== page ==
Mr. John Russell, the man said in English, as if he were introducing Russell to himself. The Russian accent was slight, but unmistakable. Could I talk with you for a few minutes?
Its a bit late . . . Russell began. The mans face was vaguely familiar. But why not? he continued, as the singers next door reached for a new and louder chorus. A journalist should never turn down a conversation, he murmured, mostly to himself, as he let the man in. Take the chair, he suggested.
His visitor sat back and crossed one leg over the other, hitching up his trouser as he did so. We have met before, he said. A long time ago. My name is Shchepkin. Yevgeny Grigorovich Shchepkin. We. . . .
Yes, Russell interrupted, as the memory clicked into place. The discussion group on journalism at the Fifth Congress. The summer of twenty-four.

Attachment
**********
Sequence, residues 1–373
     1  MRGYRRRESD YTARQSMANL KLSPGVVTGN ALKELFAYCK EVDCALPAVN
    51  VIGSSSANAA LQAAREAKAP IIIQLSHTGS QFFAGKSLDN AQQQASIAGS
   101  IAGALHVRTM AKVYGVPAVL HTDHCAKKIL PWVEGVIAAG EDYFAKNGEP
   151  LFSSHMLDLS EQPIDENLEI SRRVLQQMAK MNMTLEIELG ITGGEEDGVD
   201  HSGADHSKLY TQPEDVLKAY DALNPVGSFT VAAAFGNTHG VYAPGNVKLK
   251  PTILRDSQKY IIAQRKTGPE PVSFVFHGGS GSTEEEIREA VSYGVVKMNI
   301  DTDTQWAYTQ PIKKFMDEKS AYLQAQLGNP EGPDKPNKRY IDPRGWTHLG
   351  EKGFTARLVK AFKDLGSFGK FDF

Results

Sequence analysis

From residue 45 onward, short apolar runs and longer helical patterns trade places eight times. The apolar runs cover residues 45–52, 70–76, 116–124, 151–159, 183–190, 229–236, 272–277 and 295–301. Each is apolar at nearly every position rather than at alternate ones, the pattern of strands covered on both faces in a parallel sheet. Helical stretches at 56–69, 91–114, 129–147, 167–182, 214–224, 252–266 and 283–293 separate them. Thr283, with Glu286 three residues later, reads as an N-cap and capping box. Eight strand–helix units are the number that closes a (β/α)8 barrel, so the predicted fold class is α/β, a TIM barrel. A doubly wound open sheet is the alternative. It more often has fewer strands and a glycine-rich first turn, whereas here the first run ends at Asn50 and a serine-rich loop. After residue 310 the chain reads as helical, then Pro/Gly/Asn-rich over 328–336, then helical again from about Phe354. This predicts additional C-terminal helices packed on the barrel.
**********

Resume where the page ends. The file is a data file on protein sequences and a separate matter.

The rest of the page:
Shchepkin nodded his acknowledgment. I remember your contributions, he said. Full of passion, he added, his eyes circling the room and resting, for a few seconds, on his hosts dilapidated shoes.
Russell perched himself on the edge of the bed. As you saida long time ago. He and Ilse had met at that conference and set in motion their ten year cycle of marriage, parenthood, separation, and divorce. Shchepkins hair had been black and wavy in 1924; now it was a close-cropped gray. They were both a little older than the century, Russell guessed, and Shchepkin was wearing pretty well, considering what hed probably been through the last fifteen years. He had a handsome face of indeterminate nationality, with deep brown eyes above prominent slanting cheekbones, an aquiline nose, and lips just the full side of perfect. He could have passed for a citizen of most European countries, and probably had.
The Russian completed his survey of the room. This is a dreadful hotel, he said.
Russell laughed. Is that what you wanted to talk about?
No. Of course not.